Are Fees Killing the Bitcoin Debit Card Dream?

August 4, 2014 07:29 UTC

For the past five years, Bitcoin users have been innovating and creating better ways to make Bitcoin accessible to everybody. In the beginning, it was near impossible to exchange U.S. Dollars for Bitcoin. Now, of course, we use one click of a button on Coinbase, and our transaction completes. It’s fast, easy and simple.

There’s another frontier ahead though that puts users in a difficult boat: using their Bitcoin. Sure, when spending money online through Expedia or Dell it’s really easy. One copy and paste and you’re on your way. The next big problem is brick-and-mortar stores; to which the Bitcoin businesses have come up with a plan to overcome. Enter: The Bitcoin Debit Card. It’s too bad the dream is dying before it can even begin, though.

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Xapo, an online Bitcoin wallet company, guarded by high-tech vault security, recently announced that they would be producing a Bitcoin debit card. This card would allow for point-of-sale transactions to take place and ATM withdrawals. It would link with your Xapo account pull directly from it whenever the card is used.

ANX, a Hong Kong-based Bitcoin company and exchange, also recently announced their Bitcoin debit card that was ready ship almost immediately; making it the official first Bitcoin debit card in existence. It carried all of the benefits of the Xapo card but was simply ready for take off sooner.

Two companies, one concept. The Bitcoin community has been ecstatic for this innovation and the future it held. Unfortunately, the fees behind each of these cards may put them out of favor before they even become truly integrated.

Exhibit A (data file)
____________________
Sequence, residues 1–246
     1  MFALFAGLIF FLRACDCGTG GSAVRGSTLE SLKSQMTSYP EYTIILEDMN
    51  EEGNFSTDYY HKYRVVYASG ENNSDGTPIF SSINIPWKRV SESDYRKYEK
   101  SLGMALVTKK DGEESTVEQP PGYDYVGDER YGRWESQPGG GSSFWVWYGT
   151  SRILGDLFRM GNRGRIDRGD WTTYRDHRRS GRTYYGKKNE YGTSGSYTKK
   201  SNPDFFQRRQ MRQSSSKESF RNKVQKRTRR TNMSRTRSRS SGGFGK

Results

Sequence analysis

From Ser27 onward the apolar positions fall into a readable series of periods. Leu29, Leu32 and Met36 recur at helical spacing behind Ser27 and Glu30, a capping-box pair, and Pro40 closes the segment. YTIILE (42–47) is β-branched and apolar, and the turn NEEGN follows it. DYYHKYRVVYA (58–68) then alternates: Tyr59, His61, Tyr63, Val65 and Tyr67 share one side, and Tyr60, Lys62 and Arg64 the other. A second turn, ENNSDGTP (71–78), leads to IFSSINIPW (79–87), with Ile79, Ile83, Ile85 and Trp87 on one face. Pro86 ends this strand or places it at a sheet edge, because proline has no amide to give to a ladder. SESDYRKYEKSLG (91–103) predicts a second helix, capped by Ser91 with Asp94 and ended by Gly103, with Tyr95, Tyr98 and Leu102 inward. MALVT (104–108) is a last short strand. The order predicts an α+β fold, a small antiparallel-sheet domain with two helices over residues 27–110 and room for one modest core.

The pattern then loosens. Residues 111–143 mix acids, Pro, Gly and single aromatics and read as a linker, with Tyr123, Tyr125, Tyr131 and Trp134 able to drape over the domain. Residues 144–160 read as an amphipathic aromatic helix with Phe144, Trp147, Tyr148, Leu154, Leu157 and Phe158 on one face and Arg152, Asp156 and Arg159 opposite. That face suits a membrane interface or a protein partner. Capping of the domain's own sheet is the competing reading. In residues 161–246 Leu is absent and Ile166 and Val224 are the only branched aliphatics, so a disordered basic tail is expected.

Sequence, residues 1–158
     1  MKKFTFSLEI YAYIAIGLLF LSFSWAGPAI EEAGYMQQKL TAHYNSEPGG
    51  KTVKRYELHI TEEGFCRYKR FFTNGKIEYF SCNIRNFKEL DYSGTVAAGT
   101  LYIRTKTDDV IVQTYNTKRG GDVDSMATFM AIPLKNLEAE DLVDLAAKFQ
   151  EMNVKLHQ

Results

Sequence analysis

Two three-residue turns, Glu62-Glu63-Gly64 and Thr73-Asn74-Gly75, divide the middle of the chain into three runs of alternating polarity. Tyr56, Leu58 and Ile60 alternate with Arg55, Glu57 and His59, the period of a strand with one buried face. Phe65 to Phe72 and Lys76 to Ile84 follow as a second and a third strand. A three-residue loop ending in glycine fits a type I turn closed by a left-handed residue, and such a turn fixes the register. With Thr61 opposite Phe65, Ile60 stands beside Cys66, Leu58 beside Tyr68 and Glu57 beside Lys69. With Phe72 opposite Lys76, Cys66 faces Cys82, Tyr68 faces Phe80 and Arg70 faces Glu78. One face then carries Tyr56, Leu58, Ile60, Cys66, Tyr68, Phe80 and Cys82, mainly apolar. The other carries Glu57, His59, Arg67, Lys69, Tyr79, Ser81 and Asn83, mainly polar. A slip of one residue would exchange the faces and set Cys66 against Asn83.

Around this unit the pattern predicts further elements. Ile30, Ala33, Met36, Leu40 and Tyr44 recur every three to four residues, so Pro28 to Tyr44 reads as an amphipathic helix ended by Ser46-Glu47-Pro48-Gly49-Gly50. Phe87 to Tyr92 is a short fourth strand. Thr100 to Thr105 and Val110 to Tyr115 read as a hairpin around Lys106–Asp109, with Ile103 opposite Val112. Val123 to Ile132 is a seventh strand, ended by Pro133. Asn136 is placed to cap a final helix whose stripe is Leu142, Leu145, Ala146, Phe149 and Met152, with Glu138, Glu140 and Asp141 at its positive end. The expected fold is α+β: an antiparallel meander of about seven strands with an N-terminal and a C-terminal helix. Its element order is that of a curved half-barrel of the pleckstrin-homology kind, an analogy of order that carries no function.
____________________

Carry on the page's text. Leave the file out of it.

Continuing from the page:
Xapo Fees

In the beginning, Xapo told users that there was only a $15 shipping fee for them and that merchants would pay their traditional debit and credit card fees as normal. Recently; however, this has been proven to be untrue with Xapo’s new fee schedule. The new fees leave many users to believe this is a “bait-and-switch” technique, and have hard feelings. The fees are as follows:

As you can see, these are very different than the initial promise. In fact, these are completely different. Transaction fees, monthly fees, ATM fees that in combination with double ATM fees from the bank or provider. This shift has left a bad taste in many peoples mouths.

Ever since the release of this fee schedule, Xapo has faced a public relations fiasco that it should be desperately trying to dig itself out of against the Bitcoin community.

ANX Fees

ANX launched their debit card with little time to spare. As an already well-established company, they didn’t need to wait on investors like Xapo may have had to. Ken Lo, the CEO of ANX, sat down with CCN to talk about their debit card in an exclusive interview. They stated their fees outright, but the fact that fees still exist may be a problem for the Bitcoin community.

Their fees are as follows:

The fees are in different places, but they look comparable to Xapo’s fees. While it’s understandable that a company has to make money somehow, the Bitcoin community seems to have rejected the idea or notion of fees in general. In fact, that’s almost the very reason Bitcoin was created.

Will This Kill the Bitcoin Debit Card?

It’s hard having your dreams crushed a bit. It certainly is interesting to see what the aftermath will be after the community makes the decision to either use the card or leave it behind. This does leave an opportunity for companies to battle with their fees though.

Competition has proven well for Bitcoin in the past. The competition between Bitpay and Coinbase has pushed both companies to innovate and bring the community products and services beyond their wildest dreams.

The Bitcoin debit card will not die. This new outrage offers the opportunity for either ANX, Xapo or another company to bring the community a debit card with little to no fees. Whether or not they will is left to the company and the community demand.

Featured image by Shutterstock.

@thelivingaspect

Clay Gillespie a writer and reporter for many different platforms across the tech industry. He holds a B.S. in Public Relations from Ball State University, and freelances for different clients in technology and cryptocurrency. For more information, visit his personal website, claygillespie.com.